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90th Annual Meeting Abstracts

Retrospective Review of Glycemic Control in Patients Undergoing Renal Transplantation
*Erin C Maynard, M.D., *Deborah Hoch, R.N., *Krista Garrison, MPH, *Mark Parker, M.D, *John Vella, M.D., James Whiting, M.D.
Maine Medical Center, Portland, ME

Objective: Identify the effect of peri-operative glycemic control in kidney transplant patients.
Study Design: A single center retrospective review of 95 patients undergoing renal transplantation between 1/2007 and 9/2008 was performed. All patients received corticosteroids as part of their immunosuppressive regimen. Glucose levels in the PACU, on POD 1, and at discharge, were reviewed and correlated with clinical outcomes.
Setting: Single tertiary care center.
Participants: All Kidney alone transplants.
Main Outcome Measures: Length of stay, new onset diabetes after transplant, post operative graft dysfunction, and one year graft survival.
Results: The overall incidence of New Onset Diabetes after Transplant (NODAT) was 24% (15 of 61 patients at risk). Only 13 patients overall had normal blood sugars and tight glycemic control by POD1. Twenty patients (21%) still had glucoses outside of tight control at discharge, including 10 patients who did not carry a diagnosis of diabetes pretransplant. Poor early glucose control in the PACU predicted increased length of stay (6.3 0.4 days vs. 9.5 1.6 days). Patients with poor early glucose control tended to have a higher incidence of NODAT but this did not reach statistical significance (17.8% vs. 33.3%, p=NS). The incidence of graft dysfunction and one year patient survival was not influenced by glycemic control.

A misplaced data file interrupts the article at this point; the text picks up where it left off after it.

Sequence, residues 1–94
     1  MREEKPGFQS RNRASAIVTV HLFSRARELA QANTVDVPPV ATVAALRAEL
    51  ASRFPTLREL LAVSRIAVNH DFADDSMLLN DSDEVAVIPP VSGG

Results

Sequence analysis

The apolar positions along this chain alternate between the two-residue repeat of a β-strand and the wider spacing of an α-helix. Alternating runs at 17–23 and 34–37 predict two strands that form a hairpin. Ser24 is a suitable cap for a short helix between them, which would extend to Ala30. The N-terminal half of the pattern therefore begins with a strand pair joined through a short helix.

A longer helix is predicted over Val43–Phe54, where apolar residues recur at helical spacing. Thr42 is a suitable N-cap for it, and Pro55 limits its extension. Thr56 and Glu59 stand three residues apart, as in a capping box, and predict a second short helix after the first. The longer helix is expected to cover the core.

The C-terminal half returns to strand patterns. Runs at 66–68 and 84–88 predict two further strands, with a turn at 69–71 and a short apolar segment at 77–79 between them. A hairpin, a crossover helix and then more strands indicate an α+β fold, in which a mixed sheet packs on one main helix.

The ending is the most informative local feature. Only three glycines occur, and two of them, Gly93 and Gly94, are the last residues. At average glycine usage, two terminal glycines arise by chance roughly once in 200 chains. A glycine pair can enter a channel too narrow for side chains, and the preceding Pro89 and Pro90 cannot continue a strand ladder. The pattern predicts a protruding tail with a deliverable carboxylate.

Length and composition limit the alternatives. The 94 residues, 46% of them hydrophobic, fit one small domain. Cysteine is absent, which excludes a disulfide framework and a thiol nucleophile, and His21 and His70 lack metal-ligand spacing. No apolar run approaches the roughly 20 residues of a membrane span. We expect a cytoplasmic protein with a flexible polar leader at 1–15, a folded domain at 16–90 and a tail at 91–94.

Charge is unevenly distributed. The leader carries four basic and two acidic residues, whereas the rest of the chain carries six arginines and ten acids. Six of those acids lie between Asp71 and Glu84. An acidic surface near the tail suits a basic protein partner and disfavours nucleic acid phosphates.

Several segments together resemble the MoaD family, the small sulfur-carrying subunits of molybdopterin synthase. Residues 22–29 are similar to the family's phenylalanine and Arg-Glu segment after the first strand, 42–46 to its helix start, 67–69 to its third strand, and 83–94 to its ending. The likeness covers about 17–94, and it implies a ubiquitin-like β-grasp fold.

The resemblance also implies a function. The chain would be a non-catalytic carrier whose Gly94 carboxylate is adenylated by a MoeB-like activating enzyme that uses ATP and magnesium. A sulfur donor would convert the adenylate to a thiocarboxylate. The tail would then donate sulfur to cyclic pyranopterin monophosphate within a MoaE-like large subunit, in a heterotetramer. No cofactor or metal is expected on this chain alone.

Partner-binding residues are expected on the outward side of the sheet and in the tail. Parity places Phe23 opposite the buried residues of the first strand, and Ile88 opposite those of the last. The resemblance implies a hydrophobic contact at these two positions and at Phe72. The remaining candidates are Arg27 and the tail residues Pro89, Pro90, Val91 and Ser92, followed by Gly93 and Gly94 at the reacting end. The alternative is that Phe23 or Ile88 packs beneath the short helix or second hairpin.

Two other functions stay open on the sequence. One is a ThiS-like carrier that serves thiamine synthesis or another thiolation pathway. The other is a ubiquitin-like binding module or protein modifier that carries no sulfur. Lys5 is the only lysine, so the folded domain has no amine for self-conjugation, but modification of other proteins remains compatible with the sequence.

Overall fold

Conclusions: Tight glycemic control is uncommon in corticosteroid treated kidney transplant recipients. Poor early glucose control is associated with increased length of stay and may have some predictive value for the development of NODAT. Poor early glucose control does not seem to negatively influence early graft function. Further studies of glycemic control in transplant recipients examining outcomes such as infections or surgical complications may be warranted.


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